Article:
Students share their experiences getting hold of concert tickets and reminders to keep in mind when doing so.
With technology expanding and individuals getting better at it, it isn’t uncommon for people to get scammed when buying a ticket for their favourite artist after the initial sale gets sold out within hours—if not minutes, or even seconds in some cases.
The Consumer Protection Act in Quebec says that in order to legally resell a ticket, a merchant must notify the consumer that it is, indeed, a resale and provide several other pieces of valid information, such as notifying them and revealing the initial price of the ticket. It also states that it is prohibited to sell or use any softwares that lets you circumvent security measures or control systems put in place by the organizers of an event.
Resellers take advantage of passionate and enthusiastic fans to exaggerate prices. Bots are also notorious for annoying customers in official sales. A communications student at Concordia expressed her frustration regarding the sales on Ticketmaster: “The seats have astronomical prices, especially the platinum sections, and the Ticketmaster queue is really bad when the shows are really popular so I guess tickets get bought by bots even at that stage,” said Adèle.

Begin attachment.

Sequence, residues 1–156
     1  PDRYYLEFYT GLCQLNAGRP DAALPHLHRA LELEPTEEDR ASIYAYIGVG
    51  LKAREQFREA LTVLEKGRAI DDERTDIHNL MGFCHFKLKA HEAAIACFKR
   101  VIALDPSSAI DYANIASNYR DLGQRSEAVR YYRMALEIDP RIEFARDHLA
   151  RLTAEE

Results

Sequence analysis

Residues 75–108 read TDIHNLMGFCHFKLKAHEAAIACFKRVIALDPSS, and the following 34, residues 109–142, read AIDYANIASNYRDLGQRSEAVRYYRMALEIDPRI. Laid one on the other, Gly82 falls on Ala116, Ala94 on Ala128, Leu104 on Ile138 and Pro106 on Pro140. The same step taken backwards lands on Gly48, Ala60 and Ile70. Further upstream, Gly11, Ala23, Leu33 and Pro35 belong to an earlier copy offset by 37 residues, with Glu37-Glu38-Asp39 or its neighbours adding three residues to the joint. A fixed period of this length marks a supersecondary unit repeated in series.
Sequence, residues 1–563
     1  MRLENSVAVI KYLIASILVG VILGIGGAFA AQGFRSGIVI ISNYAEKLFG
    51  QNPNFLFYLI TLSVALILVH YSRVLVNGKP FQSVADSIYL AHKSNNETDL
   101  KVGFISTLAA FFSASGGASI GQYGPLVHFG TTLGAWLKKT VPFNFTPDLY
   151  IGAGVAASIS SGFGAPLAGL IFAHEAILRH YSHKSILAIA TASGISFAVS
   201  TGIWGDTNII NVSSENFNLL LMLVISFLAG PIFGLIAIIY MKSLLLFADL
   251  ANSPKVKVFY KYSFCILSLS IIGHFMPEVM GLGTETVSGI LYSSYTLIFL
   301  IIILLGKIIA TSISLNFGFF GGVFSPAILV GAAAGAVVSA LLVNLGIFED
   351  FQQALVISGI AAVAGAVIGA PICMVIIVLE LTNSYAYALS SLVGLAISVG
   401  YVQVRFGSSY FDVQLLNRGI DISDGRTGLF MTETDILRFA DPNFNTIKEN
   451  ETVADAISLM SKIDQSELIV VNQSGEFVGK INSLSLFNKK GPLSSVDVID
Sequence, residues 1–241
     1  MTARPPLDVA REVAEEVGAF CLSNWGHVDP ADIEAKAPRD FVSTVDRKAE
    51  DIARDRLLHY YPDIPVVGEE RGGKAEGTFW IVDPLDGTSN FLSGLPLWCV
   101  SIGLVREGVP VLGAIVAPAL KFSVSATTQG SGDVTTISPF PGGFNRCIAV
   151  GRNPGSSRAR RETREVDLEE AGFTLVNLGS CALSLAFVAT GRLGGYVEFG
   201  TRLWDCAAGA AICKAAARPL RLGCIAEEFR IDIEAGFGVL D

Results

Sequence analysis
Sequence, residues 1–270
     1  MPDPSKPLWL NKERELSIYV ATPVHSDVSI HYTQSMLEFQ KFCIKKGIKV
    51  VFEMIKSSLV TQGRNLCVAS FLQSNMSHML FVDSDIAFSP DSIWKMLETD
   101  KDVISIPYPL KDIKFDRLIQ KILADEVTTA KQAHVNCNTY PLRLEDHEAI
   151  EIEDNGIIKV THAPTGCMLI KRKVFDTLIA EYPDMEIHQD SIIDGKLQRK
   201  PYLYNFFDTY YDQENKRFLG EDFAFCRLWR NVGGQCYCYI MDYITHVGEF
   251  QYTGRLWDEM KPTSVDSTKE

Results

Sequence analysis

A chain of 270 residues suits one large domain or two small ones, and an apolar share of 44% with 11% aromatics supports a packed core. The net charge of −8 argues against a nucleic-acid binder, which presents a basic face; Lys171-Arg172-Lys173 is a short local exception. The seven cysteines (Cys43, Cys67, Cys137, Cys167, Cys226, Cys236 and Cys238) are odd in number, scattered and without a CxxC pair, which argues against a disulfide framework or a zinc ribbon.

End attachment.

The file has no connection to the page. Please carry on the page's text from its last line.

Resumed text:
A psychology student, Mirra, also shared that there have definitely been times when a show has sold out very quickly before she could even try to get tickets, which resulted in her “getting stuck in the ‘waiting room’ for quite some time,” causing frustrations. Slow progress of even attempting to enter the general sale is an issue most people face.
One must also be careful when searching for an authorized sale from the artist, producer or venue of the show or event. Resale sites can pay to appear at the top of a web search results list, therefore the first recommended website won’t necessarily be the right one.
Using a credit card when doing a purchase is also an extra way to be more assured, but be as certain as possible before doing any bank transfers. You are generally liable to a refund from the credit card issuer in the circumstance that the merchant does not have you refunded after purchase cancellation. Moreover, even when buying tickets from an official website, look up your rights and protections in case a show ever gets postponed or cancelled.
In order to escape potential scams, Adèle shared her tip to look up people selling tickets, going through their profiles to check their legitimacy, and eventually chatting with them. She prefers to only ever buy using PayPal goods.
Another thing that is worth a try is visiting the in-person box office of a venue before the show, if possible—you may be able to get your hands on some last-minute available tickets!
Good luck out there and don’t hesitate to be extra meticulous!